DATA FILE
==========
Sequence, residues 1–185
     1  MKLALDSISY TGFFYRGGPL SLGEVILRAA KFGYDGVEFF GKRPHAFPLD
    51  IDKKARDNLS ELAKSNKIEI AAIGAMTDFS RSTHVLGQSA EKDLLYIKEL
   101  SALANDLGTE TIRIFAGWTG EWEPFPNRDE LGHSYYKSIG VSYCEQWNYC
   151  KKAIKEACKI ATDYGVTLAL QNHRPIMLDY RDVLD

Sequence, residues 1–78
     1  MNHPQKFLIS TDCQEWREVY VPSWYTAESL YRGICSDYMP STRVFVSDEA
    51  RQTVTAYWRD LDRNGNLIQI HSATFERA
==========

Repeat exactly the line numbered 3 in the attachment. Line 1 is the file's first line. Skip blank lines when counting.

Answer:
    51  IDKKARDNLS ELAKSNKIEI AAIGAMTDFS RSTHVLGQSA EKDLLYIKEL